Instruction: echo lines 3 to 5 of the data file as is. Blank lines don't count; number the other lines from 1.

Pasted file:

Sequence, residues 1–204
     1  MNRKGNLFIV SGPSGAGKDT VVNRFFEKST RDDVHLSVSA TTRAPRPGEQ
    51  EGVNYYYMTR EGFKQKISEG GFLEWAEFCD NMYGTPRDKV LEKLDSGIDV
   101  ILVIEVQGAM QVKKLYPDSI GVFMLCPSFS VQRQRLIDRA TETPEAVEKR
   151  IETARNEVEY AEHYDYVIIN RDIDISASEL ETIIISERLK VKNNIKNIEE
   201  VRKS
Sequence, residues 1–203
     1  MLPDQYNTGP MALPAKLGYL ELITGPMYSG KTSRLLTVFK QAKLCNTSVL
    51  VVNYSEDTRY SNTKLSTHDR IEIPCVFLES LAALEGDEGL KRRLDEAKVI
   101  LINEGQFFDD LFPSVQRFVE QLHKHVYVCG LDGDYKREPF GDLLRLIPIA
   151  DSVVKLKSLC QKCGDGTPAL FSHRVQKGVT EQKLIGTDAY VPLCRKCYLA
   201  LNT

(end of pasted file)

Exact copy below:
    51  EGVNYYYMTR EGFKQKISEG GFLEWAEFCD NMYGTPRDKV LEKLDSGIDV
   101  ILVIEVQGAM QVKKLYPDSI GVFMLCPSFS VQRQRLIDRA TETPEAVEKR
   151  IETARNEVEY AEHYDYVIIN RDIDISASEL ETIIISERLK VKNNIKNIEE